Re-engineered antibiotic to fight world’s most threatening superbug

US scientists have re-engineered a very important antibiotic drug to be able to fight the superbug which is considered the greatest threat to human health.

Propionibacterium propionicum on Columbia Horse Blood Agar - Detail
Petri dish cultured with bacteria. © Nathan Reading at Flickr

According to PNAS Journal reports, the new version of Vancomycin is believed to be thousand more times potent than the old drug and is designed to be ultra-tough.

Though the drug is yet to be tested in animals and humans, The Scripps Reseach Institute team hopes to have the drug ready for use within the next five years.

There has been a lot of talk among experts that we are on the cusp of a post-antibiotic era. And one particular virus that has been worrying doctors is the vancomycin-resistant enterococci or VRE. It is considered by the WHO to be one of the drug-resistant bacteria that pose the greatest threat to human health.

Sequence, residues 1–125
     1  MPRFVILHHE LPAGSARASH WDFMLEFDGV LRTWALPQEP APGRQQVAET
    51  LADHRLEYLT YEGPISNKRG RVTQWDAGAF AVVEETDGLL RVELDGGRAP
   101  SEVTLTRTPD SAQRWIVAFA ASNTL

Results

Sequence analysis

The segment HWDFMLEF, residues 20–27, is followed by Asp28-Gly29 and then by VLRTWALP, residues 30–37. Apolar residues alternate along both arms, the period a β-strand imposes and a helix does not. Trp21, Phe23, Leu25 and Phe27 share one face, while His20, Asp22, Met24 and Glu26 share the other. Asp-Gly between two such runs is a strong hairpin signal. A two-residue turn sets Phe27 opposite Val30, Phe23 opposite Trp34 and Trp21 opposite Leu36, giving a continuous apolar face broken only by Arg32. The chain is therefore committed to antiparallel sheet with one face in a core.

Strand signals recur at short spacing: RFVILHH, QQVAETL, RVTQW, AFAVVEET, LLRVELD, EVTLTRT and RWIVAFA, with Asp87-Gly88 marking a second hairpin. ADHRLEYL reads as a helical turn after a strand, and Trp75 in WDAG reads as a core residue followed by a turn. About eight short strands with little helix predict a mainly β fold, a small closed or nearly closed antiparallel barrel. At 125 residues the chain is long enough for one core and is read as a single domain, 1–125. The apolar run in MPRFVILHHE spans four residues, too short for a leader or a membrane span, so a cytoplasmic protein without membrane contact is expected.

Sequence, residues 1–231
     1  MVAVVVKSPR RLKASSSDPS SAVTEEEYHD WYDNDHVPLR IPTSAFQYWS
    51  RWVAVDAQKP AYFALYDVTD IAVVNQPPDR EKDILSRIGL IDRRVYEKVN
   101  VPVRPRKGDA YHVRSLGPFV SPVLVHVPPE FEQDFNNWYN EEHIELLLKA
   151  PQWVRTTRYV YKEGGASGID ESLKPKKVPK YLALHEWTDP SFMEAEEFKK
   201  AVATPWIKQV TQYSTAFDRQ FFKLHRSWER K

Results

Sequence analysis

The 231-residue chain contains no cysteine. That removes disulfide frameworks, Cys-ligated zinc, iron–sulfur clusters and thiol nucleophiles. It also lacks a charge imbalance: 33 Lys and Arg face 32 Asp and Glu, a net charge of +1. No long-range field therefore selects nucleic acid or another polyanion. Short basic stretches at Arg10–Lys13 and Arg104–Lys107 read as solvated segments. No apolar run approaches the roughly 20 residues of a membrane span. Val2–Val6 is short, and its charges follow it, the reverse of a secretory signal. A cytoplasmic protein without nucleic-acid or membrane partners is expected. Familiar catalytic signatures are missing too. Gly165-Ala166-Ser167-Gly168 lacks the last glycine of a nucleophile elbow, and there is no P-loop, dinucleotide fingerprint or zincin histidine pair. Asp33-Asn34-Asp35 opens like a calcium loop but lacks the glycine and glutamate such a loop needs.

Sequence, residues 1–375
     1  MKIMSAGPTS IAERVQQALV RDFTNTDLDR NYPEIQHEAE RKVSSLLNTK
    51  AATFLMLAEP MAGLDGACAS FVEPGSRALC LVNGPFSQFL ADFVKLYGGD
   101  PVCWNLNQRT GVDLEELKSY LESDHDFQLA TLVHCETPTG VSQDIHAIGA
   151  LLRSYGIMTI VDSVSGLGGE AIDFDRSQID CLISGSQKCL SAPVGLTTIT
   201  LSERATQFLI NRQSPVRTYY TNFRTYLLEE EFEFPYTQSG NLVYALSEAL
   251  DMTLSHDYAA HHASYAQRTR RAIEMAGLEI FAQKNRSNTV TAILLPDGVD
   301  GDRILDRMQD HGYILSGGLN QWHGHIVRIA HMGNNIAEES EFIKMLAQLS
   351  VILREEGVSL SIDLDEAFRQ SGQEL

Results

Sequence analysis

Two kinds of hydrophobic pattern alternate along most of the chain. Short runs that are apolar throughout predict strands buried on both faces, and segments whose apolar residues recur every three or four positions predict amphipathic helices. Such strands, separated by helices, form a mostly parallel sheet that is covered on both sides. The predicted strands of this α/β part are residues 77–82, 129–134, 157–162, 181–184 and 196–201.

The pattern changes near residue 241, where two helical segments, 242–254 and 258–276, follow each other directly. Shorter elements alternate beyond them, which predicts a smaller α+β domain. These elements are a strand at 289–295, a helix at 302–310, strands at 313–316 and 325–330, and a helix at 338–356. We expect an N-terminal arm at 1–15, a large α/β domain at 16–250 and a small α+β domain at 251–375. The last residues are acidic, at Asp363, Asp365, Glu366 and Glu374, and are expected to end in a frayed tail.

In a report by the BBC, the improved drug which can fight bacteria in three different ways was able to kill samples of VRE in the lab and was able to retain potency after 50 rounds of exposure to the bacterium.

Dr Dale Broger, the lead researcher, said: “Organisms just can’t simultaneously work to find a way around three independent mechanisms of action. Even if they found a solution to one of those, the organisms would still be killed by the other two.

“Doctors could use this modified form of vancomycin without fear of resistance emerging.”

To read the original story, click here.

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